This is the kind of foolish, juvenile, and embarrassing rhetoric coming out of some corners of the libertarian movement that is relegating us to the political fringe.

    Oh, and one more thing:

    The cost of the Iraq War and rebuilding is more than the cost of Governor Dean’s proposed medical care plan.

    Only if Dean intends his plan to be in place for only a year or two. Are you seriously comparing a nonrecurring expenditure to a smaller one that is recurring? Please consult a math text.

  58. As a Dean supporter, let me recommend you libertarians stay away… Libertarian-inspired free-market ideology has done more real damage to the people of this country in recent decades than any other force I can think of. Freedom is wonderful when applied to individuals, I have no quarrel with that, and I believe the Democratic party stands firmly behind the ideals of freedom and the individual role in democracy that Dr. Dean has so eloquently espoused – and which the current Republican government has radically undermined the last couple of years.

    But freedom from environmental regulation, freedom from taxation, freedom for large corporations to move jobs overseas to where labor is cheap and no environmental standards apply – those are ideas that our democracy, as has been true for most of our democratic allies, can and should reject. We are a nation of 300 million individuals; this nation exists because “we the people” united to make it happen, and its actions represent collective decisions by “the people” as to what should best be done by us all, collectively. There is no question that should include social programs, public education, scientific research, and many more things beyond what libertarian ideology prescribes.

    So keep your libertarian stuff to yourselves – but if you really want to vote for Dean, I guess I won’t complain 🙂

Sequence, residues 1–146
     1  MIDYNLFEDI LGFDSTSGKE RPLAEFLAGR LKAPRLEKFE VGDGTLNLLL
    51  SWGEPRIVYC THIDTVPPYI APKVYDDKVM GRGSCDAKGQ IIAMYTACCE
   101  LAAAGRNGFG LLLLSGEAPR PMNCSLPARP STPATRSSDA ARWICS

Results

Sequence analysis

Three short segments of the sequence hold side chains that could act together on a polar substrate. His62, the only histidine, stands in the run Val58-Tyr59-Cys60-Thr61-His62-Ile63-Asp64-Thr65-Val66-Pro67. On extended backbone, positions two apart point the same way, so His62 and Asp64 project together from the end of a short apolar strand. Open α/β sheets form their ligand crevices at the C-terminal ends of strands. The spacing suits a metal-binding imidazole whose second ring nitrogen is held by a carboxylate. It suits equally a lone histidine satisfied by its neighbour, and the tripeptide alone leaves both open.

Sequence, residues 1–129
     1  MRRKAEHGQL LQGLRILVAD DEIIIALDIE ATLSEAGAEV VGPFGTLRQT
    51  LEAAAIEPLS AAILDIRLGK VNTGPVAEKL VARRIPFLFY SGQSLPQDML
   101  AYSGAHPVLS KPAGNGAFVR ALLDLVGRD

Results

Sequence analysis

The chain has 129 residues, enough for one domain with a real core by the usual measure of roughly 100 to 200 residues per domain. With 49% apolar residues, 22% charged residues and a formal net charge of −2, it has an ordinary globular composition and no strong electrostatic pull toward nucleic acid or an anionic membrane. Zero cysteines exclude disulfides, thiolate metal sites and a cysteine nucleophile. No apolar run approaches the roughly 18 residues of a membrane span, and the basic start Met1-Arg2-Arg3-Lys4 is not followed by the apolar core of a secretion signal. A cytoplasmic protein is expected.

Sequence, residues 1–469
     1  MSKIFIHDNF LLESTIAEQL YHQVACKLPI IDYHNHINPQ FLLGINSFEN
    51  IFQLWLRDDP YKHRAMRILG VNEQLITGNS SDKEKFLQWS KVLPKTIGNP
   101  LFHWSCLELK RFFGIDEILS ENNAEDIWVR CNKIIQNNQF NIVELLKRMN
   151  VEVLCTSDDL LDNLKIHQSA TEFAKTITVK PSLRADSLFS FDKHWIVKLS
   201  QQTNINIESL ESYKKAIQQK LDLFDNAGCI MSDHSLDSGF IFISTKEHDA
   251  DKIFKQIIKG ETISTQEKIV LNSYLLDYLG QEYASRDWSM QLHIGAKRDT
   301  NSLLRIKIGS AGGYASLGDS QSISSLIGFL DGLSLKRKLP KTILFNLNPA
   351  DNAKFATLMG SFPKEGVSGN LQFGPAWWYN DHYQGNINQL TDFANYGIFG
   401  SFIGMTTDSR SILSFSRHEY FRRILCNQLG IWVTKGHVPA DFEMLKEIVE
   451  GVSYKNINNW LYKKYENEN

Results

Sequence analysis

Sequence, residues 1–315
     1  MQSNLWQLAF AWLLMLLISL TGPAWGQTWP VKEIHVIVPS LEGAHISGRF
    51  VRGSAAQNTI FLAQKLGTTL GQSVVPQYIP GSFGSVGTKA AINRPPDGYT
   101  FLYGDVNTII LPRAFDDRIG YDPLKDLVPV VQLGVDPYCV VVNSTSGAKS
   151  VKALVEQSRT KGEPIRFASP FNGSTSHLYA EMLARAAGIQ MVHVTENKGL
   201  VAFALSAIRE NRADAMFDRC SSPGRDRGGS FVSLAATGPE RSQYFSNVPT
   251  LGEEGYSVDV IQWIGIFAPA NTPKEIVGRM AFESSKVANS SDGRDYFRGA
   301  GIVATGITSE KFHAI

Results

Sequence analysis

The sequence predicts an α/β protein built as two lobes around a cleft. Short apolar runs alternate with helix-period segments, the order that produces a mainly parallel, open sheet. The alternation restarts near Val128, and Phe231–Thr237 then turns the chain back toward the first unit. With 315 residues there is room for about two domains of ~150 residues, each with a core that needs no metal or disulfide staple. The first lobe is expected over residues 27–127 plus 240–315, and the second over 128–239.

59. The word “Troll” flashes through my mind for some reason. And that’s all I’ll say about that.

  60. you chimp fans just don’t fucking get it.

    all libertarians are anti-war, and dean is anti-war, so dean is libertarian.

    see how easy that is?

  61. This is an interesting piece, though not necessarily in the way that the author intended it. Both major parties are political coalitions, not membership clubs. They prosper when they attract sufficiently enthusiastic support from disparate and sometimes mutually antagonistic groups — moralist conservatives and the religious Right, Hamiltonians, hawks, libertarians, and the Reagan generation in the case of Republicans and secular, doves and the religious Left, unionists, government employees, old-style New Dealers, and most racial-minority voters in the case of the Democrats.

    You lose if you fail to sustain your coalition. You have to give each group enough of a reason to stay in without simultaneously enraging the others. The problem alluded to in this piece is that the Bush administration has played too much to the hawks, the Weekly Standard-style big-government conservatives, and the neo-protectionists at the expense of their free-market agenda. I agree, and I think one reason they haven’t adequately understood this is that they continue to be far more worried about pumping up the moralist/religious Right element of the party, which was unenthusiastic in 2000 and is a plurality of their base. The Bush folks are missing the significance of turning off those conservative/libertarian activists and donors who play a disproportionately large role in framing issues, communicating the message, and financing the campaigns.

    If the free-marketeers and libertarians bolted the GOP coalition in large numbers or just didn’t vote (or give money, which is more important in this case), the Republican prospects would certainly dim.